PRINCETON – Since the 2008 financial crisis, most industrial economies have avoided anything like the collapse that occurred during the Great Depression of the 1930’s. But, despite large-scale fiscal and monetary stimulus, they are not experiencing any dramatic economic rebound. Moreover, the pre-crisis trend of rising income and wealth inequality is continuing (in marked contrast to the post-Great Depression period, in which inequality declined). And survey data show a rapid decline in people’s satisfaction and confidence about the future.
The explanation of the post-crisis malaise – and people’s perception of it – lies in the combination of economic uncertainty and the emergence of radically new forms of social interaction. Long-term structural shifts are fundamentally changing the nature of work, and thus of the way that we think of economic exchange.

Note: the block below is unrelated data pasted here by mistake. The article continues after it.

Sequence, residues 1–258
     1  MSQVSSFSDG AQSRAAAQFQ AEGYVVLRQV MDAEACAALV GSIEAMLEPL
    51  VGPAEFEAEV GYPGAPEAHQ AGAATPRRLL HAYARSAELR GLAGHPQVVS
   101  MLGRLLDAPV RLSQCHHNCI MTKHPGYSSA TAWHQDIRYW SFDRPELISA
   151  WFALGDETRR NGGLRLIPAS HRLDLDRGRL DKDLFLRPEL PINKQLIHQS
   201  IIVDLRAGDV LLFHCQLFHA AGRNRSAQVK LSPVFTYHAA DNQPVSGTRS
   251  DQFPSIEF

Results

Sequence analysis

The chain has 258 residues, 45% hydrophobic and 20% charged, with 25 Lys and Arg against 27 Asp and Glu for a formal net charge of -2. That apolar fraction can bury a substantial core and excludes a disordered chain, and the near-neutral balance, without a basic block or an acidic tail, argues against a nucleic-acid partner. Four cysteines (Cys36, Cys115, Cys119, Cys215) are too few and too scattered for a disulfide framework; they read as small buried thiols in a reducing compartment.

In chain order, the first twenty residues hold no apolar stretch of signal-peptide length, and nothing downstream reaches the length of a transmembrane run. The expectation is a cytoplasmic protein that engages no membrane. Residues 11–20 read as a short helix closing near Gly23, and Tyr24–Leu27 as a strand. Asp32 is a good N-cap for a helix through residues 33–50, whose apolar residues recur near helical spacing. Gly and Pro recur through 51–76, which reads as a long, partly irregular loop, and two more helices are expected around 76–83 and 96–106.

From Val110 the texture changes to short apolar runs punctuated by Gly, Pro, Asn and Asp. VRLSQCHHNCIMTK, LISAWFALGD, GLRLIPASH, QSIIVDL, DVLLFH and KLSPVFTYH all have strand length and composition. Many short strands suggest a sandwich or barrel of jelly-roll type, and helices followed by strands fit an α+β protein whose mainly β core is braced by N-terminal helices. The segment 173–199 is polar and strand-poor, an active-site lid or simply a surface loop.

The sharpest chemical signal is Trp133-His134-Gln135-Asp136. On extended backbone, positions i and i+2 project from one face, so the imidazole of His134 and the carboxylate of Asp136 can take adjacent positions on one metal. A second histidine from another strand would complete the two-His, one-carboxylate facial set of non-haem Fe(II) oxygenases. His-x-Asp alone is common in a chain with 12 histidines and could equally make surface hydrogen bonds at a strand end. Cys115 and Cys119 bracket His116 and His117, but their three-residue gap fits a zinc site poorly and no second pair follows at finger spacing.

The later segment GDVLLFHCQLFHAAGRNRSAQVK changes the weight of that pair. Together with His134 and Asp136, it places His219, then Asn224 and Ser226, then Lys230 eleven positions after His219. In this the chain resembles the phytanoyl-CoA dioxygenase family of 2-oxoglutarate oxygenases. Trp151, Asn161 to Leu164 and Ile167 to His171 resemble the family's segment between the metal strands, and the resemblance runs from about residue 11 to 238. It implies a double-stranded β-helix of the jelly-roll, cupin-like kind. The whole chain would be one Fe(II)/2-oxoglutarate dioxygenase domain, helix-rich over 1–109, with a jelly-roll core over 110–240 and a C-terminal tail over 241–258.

In the early twentieth century, a large share of even advanced economies’ populations was still employed in agriculture. That proportion subsequently fell sharply, and the same decline could later be seen in industrial employment. Since the late twentieth century, most employment growth has come in services, particularly personal services – a pattern that looks like a reversal of a previous historical trend.
At the beginning of the twentieth century, upper-middle-class households had a substantial staff of cooks, maids, nannies, and cleaners. In the interwar years, these employees largely disappeared from the lives of all but the ultra-rich. The iconoclastic British historian A. J. P. Taylor quipped that laments about the decline of Britain were really generalized reflections of Oxford academics’ view of the “servant problem.”